Why Cancer Patients Should Read … Romance by Jenna Shillinburg

I can hear some of the groans through the internet. Romance novels are so cliché you may be thinking to yourself. But the truth is, Romance novels have been given a bad reputation through decades of Fabio covers and cookie-cutter writing. The genre itself has changed and become much more diverse (especially after the RITAs debacle in 2020 in which the elite award ceremony for the Romance Writers of America was found to be discriminatory). I’m here to tell you that all books have value and Romance novels can help cancer patients more than any other genre.

For cancer patients and people living with terminal cancers, escape is an important part of coping. Sometimes getting away from our own thoughts is necessary, and, again, I recommend reading fluffy books as a treat and an escape as long as you have a healthy coping system and people you can talk to in order to exorcise your negative thoughts. Don’t tamp down your emotions or they will become bigger and scarier and harder to avoid. Many modern Romance novels use humor and hilarious situations to entertain the reader. Sophie Kinsella is a master at putting her heroine in the most awkward situations and letting her fight her way out. Can You Keep a Secret is one of my absolute favorite Romance novels because the humor and storytelling style grabs you right from the beginning.

Jenna’s favorite Romance novel

Modern-day Romance also offers lessons to men and women suffering from body positivity issues. If you’ve had any cancer treatment at all, your body has gone through the wringer and doesn’t (and won’t) feel like your old body. Dealing with an Adjustment Disorder is another challenge of the big C, but it’s okay, there’s a book for that. Dumplin’, Puddin‘, and Pumpkin by Julie Murphy all feature heavier protagonists. In fact, there’s an entire subgenre of “Fat Positive” Romance including There’s Something About Sweetie by Sandhya Menon and Act Your Age Eve Brown by Talia Hibbert. For working through anxiety, I recommend Again But Better by Christine Riccio or The Love Hypothesis by Ali Hazelwood.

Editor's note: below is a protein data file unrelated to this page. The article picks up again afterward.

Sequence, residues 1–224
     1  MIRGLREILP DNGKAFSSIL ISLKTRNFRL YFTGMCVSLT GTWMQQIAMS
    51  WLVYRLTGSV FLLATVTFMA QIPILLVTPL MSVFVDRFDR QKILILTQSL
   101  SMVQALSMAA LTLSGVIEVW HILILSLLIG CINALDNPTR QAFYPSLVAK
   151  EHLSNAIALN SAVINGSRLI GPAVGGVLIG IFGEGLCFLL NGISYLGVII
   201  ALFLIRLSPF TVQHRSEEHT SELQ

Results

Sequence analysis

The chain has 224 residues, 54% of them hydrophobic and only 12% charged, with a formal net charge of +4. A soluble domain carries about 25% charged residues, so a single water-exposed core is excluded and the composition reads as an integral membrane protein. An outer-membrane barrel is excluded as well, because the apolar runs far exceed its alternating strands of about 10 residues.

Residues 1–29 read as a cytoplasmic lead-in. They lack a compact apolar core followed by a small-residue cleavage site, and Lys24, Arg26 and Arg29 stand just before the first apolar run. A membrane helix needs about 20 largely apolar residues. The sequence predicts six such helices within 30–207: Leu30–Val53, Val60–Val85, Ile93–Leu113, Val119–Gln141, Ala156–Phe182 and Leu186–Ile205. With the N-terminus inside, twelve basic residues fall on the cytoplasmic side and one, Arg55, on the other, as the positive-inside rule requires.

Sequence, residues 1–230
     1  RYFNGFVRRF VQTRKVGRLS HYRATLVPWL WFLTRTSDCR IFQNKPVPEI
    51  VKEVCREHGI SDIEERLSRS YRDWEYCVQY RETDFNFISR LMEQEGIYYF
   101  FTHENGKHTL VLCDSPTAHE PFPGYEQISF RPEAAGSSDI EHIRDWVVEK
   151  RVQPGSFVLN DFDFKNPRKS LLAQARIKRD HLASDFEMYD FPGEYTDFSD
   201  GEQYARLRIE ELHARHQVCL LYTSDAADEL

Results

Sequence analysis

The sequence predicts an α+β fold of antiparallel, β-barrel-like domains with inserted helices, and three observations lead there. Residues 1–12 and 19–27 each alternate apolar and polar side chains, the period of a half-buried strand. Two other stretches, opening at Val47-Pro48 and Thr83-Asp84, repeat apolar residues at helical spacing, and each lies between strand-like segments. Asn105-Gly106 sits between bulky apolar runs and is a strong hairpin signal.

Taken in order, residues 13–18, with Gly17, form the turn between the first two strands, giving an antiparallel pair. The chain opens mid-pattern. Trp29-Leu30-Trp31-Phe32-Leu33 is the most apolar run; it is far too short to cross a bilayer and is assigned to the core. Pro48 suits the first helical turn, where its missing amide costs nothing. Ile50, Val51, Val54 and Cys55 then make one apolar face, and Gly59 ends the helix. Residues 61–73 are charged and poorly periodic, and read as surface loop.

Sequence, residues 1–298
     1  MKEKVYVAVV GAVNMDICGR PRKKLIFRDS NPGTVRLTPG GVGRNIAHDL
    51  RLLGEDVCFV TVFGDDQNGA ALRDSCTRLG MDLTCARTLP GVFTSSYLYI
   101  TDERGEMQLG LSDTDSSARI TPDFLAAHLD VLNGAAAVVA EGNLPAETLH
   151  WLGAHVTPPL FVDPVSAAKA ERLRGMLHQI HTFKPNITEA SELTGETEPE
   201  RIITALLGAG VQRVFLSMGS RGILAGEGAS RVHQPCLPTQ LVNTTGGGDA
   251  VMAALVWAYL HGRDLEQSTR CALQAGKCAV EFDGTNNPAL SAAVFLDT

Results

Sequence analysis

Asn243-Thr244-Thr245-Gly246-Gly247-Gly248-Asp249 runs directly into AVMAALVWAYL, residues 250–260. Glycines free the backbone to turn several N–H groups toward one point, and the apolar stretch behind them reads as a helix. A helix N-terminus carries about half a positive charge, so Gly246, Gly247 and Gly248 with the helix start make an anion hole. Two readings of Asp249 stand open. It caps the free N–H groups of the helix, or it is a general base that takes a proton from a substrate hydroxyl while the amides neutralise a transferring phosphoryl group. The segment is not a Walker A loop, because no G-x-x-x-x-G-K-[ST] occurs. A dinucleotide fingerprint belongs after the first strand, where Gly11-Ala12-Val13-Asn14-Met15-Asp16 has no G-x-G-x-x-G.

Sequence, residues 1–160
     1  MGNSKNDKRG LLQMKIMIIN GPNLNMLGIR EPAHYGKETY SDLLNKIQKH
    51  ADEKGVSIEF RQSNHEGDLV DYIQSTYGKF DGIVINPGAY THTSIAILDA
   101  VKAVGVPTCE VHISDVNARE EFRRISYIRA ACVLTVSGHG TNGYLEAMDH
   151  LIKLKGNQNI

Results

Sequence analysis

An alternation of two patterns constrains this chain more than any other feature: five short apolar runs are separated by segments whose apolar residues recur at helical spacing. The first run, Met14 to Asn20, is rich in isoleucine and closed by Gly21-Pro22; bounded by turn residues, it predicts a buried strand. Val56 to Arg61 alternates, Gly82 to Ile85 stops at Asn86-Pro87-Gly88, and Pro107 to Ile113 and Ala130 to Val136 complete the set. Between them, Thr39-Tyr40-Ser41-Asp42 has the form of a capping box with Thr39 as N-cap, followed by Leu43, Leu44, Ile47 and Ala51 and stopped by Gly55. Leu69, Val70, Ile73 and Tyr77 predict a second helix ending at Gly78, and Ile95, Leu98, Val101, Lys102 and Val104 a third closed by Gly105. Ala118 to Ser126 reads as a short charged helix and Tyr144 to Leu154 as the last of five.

There are TONS of subgenres of Romance. One of my personal favorites is Neurodivergent Romance where the main protagonist has autism, Asperger’s, ADHD, dyslexia, etc. Having struggled with brain fog and loss of overall cognitive impairment from chemo, reading novels about neurodiverse characters gives me hope. The Kiss Quotient by Helen Hoang and The Rosie Project by Graeme Simsion are two of my favorites, but there are so many more.

Now for the elephant in the room: SEX. Yes, Romance novels often include sex BUT there is a scale of what I call Spicy-ness and there are plenty of romance novels without the steamy bits. However, many breast cancer patients suffer from sexual side effects such as loss of libido, and romance novels can help with that. Do you know the largest sexual organ in the body? It’s your brain How you think about sex matters and reading about sex can really help your struggling body. Remember, this is just a suggestion and it’s perfectly okay to abstain altogether. I am on a lifelong regimen of hormone suppressants and now identify as asexual, and that is okay too. But if you want to try exercising your brain’s sexual powers, I recommend reading The Wedding Date by Jasmine Guillory or Act Your Age Eve Brown by Talla Hibbert.

Once again books have the power to heal different aspects of our being. Even if we are just reading to read, books teach the reader how to care about people who are different from us. (also known as EMPATHY).

As a personal reader’s advisory: If you enjoy bodice-ripping romance novels – can you recommend some good ones to me? I’m always up for exploring a different genre.

Thank you for joining me and I hope your brain finds time to slip into something more comfortable or an exciting new genre.

Take care and check me out on the first Friday in May when I talk about all things bookish. For questions or comments, please write to thebookhangoverisreal@gmail.com or follow me on Instagram @thebookhangoverisreal

2 responses to “Why Cancer Patients Should Read … Romance by Jenna Shillinburg”

  1. shiraneudugmailcom Avatar

    Jenna, thank you for addressing the topic of cancer and sexuality so openly, and for discussing the benefits of escape (in this case, in form of romance novels). It is really refreshing to hear about books with more diverse protagonists. In addition, there are stories with more diverse couples as well, which is meaningful for the variety of readers in the world.


    1. Thanks, Shira. I will pass along your comment to Jenna.


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